-Facultative intracellular aerobe
How does pasteurization prevent brucellosis?
-eliminates the organism
-reduces number of human cases
Majority of worldwide cases of Brucella are attributed to B. _____________
What occupations are at an increased risk for Brucellosis?
-micro lab personnel
**How might a Brucella infection cause spontaneous abortions in cattle?**
-Brucella has an affinity for tissues rich in erythritol (i.e animal uterus, breast, and placenta)
-the organism will multiply in the uterus
Brucella __________ is the most widespread cause of infection, but rarely causes human disease.
Brucella ___________ is the most common type seen with disease and is the most prevalent
What two countries are most affected by Brucella?
Mongolia & Syria
Up until 2002, the highest burden of Brucella was in what two states?
Texas & Hawaii
T/F: Person-to-person transmission of Brucella is common.
Extremely rare, a few cases from direct tissue transplantation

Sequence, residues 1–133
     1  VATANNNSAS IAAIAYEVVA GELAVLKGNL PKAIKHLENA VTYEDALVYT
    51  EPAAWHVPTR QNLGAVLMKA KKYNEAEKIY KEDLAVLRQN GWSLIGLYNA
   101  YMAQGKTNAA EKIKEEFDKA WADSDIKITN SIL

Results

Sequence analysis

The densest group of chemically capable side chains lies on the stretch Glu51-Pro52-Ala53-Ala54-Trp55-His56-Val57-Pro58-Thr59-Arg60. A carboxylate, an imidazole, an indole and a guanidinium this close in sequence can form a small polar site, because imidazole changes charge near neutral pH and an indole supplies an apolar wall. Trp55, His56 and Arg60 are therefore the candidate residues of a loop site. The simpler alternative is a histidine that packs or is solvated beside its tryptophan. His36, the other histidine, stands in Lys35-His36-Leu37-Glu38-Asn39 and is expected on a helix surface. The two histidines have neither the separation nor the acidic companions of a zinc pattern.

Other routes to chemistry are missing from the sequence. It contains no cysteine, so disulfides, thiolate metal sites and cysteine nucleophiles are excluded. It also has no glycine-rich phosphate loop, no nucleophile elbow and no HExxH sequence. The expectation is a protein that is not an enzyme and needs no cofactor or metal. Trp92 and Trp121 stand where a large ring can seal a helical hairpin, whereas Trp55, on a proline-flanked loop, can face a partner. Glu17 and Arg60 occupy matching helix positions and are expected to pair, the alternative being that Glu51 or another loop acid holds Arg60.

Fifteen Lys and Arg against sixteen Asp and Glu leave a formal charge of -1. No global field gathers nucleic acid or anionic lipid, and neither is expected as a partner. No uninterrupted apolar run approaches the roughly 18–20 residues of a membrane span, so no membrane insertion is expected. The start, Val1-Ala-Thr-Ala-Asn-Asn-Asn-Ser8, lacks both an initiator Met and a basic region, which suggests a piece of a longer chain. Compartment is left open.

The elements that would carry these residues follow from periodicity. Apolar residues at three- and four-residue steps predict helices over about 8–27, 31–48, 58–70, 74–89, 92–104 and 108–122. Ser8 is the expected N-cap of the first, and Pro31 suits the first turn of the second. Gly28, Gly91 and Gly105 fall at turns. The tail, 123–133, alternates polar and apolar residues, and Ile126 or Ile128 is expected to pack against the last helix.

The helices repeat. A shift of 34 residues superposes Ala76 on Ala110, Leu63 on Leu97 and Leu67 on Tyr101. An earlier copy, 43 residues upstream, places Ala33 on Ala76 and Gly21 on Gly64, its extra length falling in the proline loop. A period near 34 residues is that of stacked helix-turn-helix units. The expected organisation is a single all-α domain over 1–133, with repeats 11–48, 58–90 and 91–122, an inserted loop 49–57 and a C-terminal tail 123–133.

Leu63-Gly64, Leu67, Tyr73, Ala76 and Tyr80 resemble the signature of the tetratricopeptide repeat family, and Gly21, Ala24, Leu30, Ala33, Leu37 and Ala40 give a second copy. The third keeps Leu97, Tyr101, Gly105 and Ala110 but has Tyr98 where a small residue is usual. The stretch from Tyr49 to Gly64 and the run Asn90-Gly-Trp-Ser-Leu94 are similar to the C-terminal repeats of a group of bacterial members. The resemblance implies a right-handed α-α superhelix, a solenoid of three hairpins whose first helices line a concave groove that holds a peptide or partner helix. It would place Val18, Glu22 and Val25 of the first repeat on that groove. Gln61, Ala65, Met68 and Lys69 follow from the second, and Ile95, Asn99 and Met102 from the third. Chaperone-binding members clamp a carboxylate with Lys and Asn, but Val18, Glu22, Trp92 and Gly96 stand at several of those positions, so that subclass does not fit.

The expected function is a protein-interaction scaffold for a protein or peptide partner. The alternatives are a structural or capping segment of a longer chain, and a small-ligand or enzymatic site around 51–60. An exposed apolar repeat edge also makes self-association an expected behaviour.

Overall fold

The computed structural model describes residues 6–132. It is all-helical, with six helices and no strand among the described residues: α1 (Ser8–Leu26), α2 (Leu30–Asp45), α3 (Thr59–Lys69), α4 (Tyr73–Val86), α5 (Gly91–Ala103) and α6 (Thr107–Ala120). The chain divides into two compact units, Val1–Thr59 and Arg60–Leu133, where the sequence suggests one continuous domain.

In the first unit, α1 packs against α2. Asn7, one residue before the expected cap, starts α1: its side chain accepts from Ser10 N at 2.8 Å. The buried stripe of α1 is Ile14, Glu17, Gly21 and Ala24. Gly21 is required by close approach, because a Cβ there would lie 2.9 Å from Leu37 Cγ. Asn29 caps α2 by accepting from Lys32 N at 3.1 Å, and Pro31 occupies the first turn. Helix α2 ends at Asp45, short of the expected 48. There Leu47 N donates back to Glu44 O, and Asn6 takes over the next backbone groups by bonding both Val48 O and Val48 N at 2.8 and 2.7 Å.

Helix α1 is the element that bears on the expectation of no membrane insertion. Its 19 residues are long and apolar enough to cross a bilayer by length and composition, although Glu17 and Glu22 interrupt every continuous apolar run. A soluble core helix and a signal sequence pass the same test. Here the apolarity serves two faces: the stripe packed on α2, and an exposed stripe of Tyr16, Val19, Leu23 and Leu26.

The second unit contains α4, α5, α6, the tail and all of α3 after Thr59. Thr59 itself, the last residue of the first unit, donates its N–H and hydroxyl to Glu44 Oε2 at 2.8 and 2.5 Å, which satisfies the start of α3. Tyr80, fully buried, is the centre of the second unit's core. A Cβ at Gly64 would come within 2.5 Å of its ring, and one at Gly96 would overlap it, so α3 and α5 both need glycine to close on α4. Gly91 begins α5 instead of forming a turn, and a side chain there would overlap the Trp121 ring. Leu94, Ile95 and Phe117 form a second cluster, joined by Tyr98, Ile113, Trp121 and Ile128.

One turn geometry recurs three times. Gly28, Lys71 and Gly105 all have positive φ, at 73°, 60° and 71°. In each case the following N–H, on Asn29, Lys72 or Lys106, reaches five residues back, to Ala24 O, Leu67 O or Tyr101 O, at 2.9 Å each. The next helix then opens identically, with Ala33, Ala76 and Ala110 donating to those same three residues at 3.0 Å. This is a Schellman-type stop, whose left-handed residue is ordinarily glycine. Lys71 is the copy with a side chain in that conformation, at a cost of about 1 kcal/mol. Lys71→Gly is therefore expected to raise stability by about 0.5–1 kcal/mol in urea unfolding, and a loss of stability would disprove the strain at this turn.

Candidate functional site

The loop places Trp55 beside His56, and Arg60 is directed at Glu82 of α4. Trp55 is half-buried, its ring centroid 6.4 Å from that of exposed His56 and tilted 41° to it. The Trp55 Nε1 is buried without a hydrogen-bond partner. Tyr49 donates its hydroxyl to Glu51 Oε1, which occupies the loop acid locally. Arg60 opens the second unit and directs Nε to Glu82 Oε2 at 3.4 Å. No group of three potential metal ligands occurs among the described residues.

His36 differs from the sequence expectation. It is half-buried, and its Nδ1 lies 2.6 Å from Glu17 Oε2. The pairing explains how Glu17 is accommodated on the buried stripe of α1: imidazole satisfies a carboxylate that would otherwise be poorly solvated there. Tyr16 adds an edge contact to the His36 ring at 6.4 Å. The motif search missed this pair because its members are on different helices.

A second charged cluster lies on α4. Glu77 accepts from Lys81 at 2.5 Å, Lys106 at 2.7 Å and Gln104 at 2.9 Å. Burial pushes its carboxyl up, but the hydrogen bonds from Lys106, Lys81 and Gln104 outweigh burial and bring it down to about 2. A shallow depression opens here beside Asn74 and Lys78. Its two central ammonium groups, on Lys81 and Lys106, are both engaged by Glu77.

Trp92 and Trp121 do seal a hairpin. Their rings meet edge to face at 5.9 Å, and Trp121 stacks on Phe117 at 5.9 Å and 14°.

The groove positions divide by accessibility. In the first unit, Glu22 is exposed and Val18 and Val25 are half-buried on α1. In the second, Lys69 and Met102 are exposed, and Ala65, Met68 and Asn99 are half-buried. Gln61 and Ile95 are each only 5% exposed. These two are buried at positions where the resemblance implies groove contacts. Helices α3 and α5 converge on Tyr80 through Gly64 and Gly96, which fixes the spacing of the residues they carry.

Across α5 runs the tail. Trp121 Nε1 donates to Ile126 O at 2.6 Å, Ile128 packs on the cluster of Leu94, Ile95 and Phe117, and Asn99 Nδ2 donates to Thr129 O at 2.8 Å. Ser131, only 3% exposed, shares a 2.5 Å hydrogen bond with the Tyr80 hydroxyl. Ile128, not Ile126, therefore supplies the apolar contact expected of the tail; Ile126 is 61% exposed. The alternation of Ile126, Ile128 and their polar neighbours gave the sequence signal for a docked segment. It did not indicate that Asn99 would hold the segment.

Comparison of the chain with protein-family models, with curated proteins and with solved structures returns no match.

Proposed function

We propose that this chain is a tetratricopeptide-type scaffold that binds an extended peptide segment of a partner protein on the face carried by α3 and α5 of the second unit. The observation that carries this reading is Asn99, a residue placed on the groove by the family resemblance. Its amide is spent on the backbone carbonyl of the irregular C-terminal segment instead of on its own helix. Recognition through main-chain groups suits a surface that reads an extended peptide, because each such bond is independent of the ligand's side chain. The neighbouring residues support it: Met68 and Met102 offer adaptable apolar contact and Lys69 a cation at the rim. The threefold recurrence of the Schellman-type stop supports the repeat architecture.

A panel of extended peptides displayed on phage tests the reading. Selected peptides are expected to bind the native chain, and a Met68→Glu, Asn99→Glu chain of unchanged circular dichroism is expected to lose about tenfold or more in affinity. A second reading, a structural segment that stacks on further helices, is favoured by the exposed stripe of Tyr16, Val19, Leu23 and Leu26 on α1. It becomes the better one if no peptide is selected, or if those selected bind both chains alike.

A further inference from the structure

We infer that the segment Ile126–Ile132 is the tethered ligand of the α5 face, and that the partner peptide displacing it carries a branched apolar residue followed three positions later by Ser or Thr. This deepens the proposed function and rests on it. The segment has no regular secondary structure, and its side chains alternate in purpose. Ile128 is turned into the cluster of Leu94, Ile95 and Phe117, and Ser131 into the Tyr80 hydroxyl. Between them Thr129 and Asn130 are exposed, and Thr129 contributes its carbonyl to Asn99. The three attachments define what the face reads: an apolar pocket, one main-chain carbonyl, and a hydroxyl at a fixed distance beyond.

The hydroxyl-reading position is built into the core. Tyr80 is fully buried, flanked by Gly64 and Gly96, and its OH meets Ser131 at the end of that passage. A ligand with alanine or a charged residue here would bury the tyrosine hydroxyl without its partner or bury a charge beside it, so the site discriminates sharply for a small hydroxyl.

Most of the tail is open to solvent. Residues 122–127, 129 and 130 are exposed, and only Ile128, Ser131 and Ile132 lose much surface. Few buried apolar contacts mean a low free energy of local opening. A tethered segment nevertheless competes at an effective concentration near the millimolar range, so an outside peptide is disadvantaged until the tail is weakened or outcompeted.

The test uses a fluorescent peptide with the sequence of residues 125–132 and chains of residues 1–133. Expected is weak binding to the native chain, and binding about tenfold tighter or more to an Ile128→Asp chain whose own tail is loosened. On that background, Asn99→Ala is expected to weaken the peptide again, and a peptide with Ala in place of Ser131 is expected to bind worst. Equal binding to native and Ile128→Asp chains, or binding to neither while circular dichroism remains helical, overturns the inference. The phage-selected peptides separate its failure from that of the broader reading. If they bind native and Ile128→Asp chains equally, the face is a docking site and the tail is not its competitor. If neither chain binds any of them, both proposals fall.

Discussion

**How is Brucella transmitted in the environment?**
-Contaminated by birth products/abortions of infected animals
-Can be spread by inhalation of contaminated dust
-Can survive for long periods of time in dust, dug, slurry, water, soil, carcasses
___________ transmission is the most common cause of Brucella exposure to humans. _______ products are more common than meat products to cause infection.
Dairy (i.e soft cheeses, fresh milk and dairy products)
Brucella is an intracellular parasite of the ____________ system that does NOT produce an exotoxin.
-reticuloendothelial system (macrophages and phagocytic cells in the lymph nodes and bone marrow)
**How does Brucella cause disease?**
1. Macrophages phagocytose Brucella.
2. Phagocytosed Brucella reproduce and inhibit cells critical for life functions
3. Phagocytosed bacteria travel in the blood to organs (ex. Spleen, liver, bone marrow, kidneys, and lymph nodes)